Emergence of Methicillin-Resistant Staphylococcus aureus (MRSA) as a Public-Health Threat and Future Directions of Antibiotic Therapy for MRSA Infections
Gram-positive cocci are responsible for many severe infections in community and hospital settings, and these
multidrug resistant organisms have increased markedly in the past decade. This trend is particularly evident for methicillin/
oxacillin-resistant Staphylococcus aureus (MRSA). MRSA is any strain of Staphylococcus aureus that has developed resistance
to beta-lactam antibiotics, which include the penicillins (methicillin, dicloxacillin, nafcillin, oxacillin, etc.) and the
cephalosporins. S. aureus strains have developed resistance to almost all antibiotics, thereby complicating disease management.
Antibiotics are an essential part of modern medicine and that has helped dramatically in curing patients suffering from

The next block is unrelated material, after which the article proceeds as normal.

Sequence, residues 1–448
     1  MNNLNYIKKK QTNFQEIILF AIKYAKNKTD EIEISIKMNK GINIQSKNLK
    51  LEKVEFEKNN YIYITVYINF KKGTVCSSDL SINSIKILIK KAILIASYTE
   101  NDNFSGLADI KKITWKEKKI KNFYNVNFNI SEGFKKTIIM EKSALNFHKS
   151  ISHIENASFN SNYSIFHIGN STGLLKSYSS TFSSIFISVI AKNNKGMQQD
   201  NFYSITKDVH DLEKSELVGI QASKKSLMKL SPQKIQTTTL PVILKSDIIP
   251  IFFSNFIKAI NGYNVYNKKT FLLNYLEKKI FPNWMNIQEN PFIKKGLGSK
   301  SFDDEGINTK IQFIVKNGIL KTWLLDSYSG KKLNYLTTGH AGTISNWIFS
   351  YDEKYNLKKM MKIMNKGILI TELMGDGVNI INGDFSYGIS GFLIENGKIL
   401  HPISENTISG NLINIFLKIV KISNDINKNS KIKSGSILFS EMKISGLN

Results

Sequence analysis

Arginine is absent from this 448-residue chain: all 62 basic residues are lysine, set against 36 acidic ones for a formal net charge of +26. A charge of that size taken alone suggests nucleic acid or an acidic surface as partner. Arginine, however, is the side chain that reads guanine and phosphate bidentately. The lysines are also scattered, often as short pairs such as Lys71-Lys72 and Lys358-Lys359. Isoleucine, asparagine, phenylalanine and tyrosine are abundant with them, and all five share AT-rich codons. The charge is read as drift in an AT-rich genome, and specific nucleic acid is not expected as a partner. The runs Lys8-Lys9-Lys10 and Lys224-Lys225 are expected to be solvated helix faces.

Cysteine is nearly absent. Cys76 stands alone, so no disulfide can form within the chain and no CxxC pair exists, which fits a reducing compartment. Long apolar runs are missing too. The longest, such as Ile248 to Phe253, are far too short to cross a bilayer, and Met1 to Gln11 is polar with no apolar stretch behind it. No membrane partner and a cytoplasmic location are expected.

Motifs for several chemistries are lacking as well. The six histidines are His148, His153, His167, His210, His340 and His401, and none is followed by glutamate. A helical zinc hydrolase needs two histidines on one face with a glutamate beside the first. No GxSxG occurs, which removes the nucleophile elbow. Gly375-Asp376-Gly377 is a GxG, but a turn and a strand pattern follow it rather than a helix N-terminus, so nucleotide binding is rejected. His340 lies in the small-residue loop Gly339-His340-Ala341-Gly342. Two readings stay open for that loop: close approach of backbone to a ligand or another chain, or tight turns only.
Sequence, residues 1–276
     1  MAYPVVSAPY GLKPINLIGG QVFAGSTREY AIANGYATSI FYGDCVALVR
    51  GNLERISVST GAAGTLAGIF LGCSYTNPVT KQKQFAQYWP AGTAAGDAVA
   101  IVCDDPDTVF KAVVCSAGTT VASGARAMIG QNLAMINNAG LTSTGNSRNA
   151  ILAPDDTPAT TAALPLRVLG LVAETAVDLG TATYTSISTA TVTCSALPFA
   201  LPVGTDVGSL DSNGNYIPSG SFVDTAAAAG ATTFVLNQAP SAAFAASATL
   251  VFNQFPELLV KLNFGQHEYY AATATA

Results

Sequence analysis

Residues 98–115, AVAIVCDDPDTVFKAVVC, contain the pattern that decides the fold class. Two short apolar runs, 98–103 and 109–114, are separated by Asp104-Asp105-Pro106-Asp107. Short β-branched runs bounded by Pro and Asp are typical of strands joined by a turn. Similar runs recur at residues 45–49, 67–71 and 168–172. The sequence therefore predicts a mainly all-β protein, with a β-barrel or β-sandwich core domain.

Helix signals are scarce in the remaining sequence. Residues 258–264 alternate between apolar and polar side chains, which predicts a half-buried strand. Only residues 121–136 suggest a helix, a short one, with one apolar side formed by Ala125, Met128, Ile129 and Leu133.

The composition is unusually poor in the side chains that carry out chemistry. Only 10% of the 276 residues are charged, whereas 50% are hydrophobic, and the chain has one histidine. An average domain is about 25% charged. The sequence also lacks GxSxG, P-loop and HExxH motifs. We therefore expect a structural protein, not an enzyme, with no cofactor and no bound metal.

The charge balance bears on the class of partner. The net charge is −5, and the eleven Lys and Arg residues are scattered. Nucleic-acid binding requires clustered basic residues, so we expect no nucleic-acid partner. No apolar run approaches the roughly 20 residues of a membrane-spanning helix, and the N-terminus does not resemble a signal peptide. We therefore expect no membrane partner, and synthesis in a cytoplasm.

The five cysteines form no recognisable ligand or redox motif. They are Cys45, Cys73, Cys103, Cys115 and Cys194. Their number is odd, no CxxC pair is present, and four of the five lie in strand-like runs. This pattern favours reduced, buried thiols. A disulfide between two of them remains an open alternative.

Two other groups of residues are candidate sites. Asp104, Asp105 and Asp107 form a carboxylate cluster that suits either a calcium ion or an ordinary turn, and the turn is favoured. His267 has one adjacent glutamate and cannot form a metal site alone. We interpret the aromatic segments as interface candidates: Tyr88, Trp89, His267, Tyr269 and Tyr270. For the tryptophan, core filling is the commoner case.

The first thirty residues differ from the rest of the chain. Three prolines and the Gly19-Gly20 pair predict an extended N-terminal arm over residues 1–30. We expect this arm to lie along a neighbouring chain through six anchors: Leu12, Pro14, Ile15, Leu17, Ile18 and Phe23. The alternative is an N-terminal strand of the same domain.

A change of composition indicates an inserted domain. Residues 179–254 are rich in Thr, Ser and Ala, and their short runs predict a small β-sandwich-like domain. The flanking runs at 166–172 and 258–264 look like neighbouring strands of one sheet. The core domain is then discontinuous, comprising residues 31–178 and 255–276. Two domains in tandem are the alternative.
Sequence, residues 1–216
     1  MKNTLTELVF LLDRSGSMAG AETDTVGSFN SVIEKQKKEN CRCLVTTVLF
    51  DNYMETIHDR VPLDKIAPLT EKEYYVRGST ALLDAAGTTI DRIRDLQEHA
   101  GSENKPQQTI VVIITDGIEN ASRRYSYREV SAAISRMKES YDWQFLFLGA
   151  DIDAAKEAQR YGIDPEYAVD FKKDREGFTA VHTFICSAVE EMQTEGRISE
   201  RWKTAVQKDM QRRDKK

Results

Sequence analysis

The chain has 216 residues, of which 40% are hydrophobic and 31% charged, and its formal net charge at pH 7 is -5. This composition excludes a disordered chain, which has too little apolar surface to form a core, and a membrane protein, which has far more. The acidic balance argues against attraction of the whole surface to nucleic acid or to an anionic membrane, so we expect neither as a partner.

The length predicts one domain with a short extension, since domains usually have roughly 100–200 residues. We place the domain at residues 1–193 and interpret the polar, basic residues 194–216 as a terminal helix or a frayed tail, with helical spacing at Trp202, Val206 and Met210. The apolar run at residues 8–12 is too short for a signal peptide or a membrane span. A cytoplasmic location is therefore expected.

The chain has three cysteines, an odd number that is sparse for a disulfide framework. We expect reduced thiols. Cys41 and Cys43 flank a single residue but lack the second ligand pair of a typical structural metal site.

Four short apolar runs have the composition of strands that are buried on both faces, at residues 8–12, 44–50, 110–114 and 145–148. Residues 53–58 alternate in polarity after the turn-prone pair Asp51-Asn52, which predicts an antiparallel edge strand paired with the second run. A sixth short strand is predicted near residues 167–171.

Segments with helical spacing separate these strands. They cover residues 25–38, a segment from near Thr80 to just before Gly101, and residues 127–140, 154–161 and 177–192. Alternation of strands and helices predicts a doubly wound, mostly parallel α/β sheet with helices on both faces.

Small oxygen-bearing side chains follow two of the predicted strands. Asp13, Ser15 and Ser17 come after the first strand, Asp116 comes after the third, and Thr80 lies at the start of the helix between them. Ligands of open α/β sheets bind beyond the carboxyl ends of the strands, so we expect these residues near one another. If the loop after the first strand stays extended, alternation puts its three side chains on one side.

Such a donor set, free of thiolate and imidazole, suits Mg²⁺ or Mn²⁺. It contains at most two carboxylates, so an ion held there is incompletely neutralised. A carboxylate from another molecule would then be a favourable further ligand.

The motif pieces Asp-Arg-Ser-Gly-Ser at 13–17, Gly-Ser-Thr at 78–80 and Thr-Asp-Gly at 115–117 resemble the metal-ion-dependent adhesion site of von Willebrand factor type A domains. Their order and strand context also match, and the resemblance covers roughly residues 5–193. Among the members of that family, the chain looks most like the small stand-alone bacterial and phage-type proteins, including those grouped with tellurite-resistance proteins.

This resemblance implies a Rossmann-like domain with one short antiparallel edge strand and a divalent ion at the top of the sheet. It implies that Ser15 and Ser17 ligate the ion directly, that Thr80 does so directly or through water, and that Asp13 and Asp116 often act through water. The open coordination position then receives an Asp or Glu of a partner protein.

bacterial infections. However, emerging antimicrobial resistance in bacteria threatens to undermine the management of bacterial
infections. A number of factors, which may promote antimicrobial resistance such as availability of antimicrobials without
prescription, suboptimal hygiene, immunosuppression due to malnutrition or HIV, aggressive cancer chemotherapy and an increase
in organ transplantation have resulted in hospitalized patients with immune compromise at high risk of nosocomial infections.
The emergence of antibiotic-resistant mutants among bacteria is seemingly inevitable, that results in the decreased
efficacy and withdrawal of the antibiotic from wide-spread usage. The purpose of this review is to discuss the increase in isolates
of multidrug resistant S. aureus which has created an urgent need for the development of new anti-staphylococcal agents.
Keywords: Staphylococcus aureus, MRSA, antibiotics, mechanism of resistance
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